from the i-blame-the-schools dept.
Nicola Hahn writes "The inevitable occurred this week as The Economist broached the topic of cyberwar with a couple of articles in its July 3rd issue. The first article concludes that 'countries should agree on more modest accords, or even just informal "rules of the road" that would raise the political cost of cyber-attacks.' It also makes vague references to 'greater co-operation between governments and the private sector.' When attribution is a lost cause (and it is), international treaties are meaningless because there's no way to determine if a participant has broken them. The second recommendation is even more alarming because it's using a loaded phrase that, in the past couple of years, has been wielded by those who advocate Orwellian solutions. The other article is a morass of conflicting messages. It presumes to focus on cyberwar, yet the bulk of the material deals with cybercrime and run-of-the-mill espionage. Then there's also the standard ploy of hypothetical scenarios: depicting how we might be attacked and what the potential outcome of these attacks could be. The author concludes with the ominous warning that terrorists 'prefer the gory theatre of suicide-bombings to the anonymity of computer sabotage — for now.' What's truly disturbing is that The Economist never goes beyond a superficial analysis of the topic to examine what's driving all of the fear, uncertainty, and doubt (PDF), a subject dealt with in this Lockdown 2010 white paper."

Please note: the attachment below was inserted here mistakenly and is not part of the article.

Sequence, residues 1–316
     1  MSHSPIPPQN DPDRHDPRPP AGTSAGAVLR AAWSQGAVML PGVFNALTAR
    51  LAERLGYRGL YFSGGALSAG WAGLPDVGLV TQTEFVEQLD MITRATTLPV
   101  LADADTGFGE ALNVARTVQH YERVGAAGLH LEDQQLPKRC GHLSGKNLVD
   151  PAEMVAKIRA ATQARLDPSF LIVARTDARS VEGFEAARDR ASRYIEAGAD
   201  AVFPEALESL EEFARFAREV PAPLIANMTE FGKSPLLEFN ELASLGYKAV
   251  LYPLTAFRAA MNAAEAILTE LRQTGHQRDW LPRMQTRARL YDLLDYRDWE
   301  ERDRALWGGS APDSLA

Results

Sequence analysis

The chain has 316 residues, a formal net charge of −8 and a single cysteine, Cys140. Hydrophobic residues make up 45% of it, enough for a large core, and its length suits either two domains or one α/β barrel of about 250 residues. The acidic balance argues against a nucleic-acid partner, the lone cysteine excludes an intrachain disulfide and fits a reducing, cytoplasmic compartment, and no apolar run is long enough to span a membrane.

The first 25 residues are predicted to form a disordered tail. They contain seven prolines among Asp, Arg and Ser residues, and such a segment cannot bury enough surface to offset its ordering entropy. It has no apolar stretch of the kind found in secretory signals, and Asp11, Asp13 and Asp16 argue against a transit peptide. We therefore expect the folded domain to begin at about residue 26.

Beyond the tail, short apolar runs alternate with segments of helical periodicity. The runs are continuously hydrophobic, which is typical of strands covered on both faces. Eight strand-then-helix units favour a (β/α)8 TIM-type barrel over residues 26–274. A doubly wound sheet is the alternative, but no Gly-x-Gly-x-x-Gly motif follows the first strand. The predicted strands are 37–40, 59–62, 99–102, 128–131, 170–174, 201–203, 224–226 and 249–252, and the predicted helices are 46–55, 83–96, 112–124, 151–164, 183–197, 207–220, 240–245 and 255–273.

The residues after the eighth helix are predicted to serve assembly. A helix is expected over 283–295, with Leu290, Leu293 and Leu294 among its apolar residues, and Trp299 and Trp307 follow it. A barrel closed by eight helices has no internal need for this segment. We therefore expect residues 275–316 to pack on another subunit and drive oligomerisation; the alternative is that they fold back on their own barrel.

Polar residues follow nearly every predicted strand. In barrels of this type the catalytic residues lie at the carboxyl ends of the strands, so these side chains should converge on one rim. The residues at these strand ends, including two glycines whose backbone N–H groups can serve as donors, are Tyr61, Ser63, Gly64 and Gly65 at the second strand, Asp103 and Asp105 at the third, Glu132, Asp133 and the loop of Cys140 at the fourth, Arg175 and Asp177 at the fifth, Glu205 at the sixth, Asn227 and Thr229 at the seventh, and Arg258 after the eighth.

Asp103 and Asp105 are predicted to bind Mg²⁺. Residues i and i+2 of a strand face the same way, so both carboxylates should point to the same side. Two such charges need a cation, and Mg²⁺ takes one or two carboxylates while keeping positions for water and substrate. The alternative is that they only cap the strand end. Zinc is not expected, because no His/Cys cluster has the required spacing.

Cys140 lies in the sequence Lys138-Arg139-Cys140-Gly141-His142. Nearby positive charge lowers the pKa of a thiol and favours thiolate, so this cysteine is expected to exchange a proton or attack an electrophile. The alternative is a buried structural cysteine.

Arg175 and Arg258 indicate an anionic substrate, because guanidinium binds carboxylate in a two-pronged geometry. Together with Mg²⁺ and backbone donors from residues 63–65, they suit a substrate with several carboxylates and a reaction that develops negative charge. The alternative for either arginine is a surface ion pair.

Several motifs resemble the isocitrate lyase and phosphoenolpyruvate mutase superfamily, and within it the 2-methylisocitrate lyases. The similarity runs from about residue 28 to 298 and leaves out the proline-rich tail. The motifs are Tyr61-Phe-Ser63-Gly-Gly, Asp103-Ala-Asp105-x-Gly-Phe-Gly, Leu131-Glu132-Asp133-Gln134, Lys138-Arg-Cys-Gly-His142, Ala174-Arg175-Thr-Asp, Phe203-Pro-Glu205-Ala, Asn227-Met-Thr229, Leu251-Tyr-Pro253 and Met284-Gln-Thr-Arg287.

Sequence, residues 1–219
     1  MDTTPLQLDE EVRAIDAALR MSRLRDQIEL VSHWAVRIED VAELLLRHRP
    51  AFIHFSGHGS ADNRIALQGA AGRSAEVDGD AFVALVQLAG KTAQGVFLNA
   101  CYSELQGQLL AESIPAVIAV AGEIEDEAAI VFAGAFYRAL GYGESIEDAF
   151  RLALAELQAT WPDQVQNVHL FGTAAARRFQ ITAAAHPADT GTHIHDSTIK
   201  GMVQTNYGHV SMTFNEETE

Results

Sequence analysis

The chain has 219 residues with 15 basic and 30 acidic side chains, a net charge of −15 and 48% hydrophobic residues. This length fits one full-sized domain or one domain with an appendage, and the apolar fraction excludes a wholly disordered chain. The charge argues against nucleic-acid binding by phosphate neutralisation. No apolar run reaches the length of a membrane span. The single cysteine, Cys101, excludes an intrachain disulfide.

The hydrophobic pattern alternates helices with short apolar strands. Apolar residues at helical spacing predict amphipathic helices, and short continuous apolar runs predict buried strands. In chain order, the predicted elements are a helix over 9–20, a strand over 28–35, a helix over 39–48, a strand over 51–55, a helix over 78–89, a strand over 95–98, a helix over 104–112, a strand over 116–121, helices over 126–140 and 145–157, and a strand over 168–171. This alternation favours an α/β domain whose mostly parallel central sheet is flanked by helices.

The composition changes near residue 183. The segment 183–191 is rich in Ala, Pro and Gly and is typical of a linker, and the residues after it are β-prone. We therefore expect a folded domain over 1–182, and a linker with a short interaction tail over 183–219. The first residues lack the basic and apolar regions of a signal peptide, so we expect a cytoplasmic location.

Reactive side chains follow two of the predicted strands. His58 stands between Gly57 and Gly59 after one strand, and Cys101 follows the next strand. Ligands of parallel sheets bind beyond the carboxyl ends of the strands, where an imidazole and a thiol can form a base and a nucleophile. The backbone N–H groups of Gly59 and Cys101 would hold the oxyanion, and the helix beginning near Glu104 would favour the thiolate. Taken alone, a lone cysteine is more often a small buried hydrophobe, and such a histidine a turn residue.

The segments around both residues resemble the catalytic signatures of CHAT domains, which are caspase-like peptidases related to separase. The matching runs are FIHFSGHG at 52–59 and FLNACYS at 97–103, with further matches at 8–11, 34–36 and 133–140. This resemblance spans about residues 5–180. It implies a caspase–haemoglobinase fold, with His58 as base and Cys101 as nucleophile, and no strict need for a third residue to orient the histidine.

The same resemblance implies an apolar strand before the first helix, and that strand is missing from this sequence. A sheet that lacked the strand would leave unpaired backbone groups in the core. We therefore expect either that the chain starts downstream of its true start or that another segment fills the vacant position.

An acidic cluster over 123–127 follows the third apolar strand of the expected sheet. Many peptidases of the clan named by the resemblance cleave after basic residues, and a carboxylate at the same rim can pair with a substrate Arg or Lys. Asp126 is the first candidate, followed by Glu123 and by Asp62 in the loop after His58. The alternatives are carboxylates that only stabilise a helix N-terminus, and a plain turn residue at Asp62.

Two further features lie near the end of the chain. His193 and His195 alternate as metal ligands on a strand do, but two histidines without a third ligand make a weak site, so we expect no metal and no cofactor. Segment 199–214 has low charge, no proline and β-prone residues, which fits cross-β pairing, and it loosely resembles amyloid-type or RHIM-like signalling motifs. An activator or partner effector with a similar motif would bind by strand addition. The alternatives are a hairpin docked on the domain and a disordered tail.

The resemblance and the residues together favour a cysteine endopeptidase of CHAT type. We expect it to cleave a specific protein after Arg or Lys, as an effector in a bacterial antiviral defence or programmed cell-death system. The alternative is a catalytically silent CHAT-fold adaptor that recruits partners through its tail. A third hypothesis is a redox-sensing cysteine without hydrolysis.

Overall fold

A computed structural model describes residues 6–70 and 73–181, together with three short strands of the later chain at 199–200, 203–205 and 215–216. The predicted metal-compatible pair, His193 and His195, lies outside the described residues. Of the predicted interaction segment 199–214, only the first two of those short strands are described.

I judge a religion as being good or bad based on whether its adherents
become better people as a result of practicing it.
- Joe Mullally, computer salesman